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Since the middle of the twentieth century, artists have increasingly turned to a variety of new materials and techniques for art making. Many of these materials and techniques have produced objects that alter rapidly in appearance and require some level of intervention to enable their continued display. These works pose strong challenges to the fields of conservation and art history. There is often no codified method for conserving such works; further, the insistent but uneven rate of deterioration present in many objects has left us with countless works of art that now diverge starkly from their original form. The practical and interpretative problems that arise in relation to durability and ephemerality in modern and contemporary art are exacerbated by an art-historical methodology that tends to privilege theoretical interpretation over concrete object study. The descriptive knowledge that originates in object- and technique-based study has increasingly left the field of art history, falling instead within the domain of art conservation. Curators and historians of contemporary art have in recent years shown renewed interest in object-based study, but the requisite training is no longer part of advanced art-historical study. Conversely, conservators by necessity study art through the empirical and scientific analysis of objects. However, the challenges posed by modern materials often lead to decisions about an object's preservation and acceptable aging that are based on more subjective inferences about the artist's original intent—an interpretive concept that many art historians view with some skepticism.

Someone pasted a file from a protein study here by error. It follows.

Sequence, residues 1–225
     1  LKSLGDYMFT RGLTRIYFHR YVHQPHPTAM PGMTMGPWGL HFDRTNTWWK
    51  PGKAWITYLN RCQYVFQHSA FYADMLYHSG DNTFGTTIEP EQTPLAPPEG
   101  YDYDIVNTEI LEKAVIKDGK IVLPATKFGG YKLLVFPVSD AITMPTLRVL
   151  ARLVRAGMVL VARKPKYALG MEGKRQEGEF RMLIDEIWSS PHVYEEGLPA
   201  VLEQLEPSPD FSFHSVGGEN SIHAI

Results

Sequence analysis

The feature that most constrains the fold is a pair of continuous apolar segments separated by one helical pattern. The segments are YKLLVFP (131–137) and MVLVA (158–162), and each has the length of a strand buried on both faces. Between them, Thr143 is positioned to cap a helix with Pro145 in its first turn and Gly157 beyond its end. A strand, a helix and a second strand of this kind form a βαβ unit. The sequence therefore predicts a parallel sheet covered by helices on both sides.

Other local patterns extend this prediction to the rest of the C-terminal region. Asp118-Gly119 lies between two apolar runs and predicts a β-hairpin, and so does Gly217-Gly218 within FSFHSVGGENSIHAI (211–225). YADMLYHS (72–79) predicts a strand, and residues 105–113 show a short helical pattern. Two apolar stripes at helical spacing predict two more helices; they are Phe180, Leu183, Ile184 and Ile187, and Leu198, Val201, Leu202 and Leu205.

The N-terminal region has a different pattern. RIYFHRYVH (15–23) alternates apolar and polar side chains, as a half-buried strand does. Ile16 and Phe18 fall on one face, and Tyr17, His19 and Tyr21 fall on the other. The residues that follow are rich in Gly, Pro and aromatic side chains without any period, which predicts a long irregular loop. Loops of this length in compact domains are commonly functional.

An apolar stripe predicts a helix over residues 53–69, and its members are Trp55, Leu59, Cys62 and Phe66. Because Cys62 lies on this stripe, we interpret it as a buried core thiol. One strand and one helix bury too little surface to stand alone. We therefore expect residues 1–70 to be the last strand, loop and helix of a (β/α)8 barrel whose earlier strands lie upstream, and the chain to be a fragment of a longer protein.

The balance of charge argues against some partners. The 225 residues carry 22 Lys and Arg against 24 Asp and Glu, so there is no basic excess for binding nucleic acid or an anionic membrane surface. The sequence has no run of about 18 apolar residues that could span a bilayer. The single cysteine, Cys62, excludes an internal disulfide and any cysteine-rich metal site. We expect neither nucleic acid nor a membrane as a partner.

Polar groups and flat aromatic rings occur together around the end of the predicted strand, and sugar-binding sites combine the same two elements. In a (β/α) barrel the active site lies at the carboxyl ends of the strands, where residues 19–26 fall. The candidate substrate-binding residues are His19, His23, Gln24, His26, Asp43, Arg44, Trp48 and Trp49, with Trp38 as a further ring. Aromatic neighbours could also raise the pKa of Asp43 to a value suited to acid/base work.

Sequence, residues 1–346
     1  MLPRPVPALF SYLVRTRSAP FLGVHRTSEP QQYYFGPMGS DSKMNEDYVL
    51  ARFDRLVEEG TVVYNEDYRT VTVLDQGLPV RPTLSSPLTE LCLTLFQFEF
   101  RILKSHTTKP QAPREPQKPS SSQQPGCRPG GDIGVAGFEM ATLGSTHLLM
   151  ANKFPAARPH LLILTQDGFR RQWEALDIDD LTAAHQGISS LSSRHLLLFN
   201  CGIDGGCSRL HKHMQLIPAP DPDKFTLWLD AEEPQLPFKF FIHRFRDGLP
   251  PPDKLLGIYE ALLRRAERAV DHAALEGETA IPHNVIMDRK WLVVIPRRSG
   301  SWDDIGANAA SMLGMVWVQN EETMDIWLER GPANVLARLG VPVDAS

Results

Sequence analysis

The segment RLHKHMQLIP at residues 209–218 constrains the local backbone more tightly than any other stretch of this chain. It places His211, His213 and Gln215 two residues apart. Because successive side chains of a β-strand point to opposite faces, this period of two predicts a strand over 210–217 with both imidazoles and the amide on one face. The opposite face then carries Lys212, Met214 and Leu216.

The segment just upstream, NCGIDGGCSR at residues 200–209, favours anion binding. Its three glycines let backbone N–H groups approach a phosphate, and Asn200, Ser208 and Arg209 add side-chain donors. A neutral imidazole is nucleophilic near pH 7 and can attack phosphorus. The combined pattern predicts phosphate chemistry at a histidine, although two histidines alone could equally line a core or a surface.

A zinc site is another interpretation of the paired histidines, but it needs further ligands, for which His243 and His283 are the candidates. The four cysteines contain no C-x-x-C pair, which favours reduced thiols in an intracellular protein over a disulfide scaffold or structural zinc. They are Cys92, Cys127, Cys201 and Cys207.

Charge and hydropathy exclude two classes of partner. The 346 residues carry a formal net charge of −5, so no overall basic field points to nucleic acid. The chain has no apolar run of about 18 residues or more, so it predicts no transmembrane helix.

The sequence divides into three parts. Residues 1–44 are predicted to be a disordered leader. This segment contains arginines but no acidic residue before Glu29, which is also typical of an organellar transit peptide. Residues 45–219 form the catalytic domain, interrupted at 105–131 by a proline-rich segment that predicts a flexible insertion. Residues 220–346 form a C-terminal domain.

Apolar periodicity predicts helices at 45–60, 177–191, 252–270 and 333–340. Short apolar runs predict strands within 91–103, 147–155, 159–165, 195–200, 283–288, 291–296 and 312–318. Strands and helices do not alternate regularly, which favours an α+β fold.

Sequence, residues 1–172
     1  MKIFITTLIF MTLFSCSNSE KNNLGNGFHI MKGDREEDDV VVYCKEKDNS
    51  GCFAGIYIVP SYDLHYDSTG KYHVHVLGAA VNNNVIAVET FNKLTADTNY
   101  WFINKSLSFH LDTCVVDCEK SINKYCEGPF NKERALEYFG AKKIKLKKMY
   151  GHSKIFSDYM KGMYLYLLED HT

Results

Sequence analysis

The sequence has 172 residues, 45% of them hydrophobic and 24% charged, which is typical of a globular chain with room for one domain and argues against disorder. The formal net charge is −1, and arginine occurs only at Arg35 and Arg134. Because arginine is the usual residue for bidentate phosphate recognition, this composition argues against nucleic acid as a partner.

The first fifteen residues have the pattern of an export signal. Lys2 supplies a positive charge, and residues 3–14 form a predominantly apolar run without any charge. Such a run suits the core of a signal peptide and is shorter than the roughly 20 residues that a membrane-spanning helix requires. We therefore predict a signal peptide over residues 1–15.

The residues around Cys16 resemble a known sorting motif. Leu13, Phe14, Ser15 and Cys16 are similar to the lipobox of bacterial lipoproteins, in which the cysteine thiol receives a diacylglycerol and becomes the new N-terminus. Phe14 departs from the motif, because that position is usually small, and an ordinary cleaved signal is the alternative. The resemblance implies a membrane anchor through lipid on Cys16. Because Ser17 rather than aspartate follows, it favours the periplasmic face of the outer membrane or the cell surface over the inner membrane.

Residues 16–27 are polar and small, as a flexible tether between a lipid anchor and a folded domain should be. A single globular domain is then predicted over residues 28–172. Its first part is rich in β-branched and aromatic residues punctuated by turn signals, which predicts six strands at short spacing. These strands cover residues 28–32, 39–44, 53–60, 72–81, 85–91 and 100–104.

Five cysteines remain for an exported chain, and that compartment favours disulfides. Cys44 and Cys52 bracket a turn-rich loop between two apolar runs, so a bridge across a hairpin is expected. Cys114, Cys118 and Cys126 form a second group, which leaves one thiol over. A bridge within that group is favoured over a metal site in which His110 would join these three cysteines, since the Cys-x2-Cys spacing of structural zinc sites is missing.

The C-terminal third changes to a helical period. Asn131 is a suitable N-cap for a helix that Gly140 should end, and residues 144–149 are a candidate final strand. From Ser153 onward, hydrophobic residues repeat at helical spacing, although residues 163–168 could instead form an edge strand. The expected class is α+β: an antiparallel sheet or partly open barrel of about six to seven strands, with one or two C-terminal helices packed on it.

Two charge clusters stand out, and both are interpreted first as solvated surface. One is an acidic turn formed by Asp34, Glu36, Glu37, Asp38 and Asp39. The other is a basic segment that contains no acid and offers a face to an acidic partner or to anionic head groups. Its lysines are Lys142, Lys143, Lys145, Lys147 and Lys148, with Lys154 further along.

A primarily object-based study of art offers both enormous possibilities and specific limitations, and increased dialogue between the fields of art history and conservation can only prove beneficial in better defining these parameters. This two-day conference aims to foster such communication by presenting joint research from art historians and conservators on specific case studies—in many instances with the objects in question available for viewing—and by spurring intensive dialogues among professionals from both fields regarding some of the pressing and difficult issues manifested by objects made from modern materials.

Artists Rachel Harrison, Paul McCarthy, and Doris Salcedo join curator Elisabeth Sussman and conservator Christian Scheidemann in discussing the often complex production process of their art works, the ephemeral nature of some of the modern materials from which they are created, and the implications this may have for the long-term survival of their art.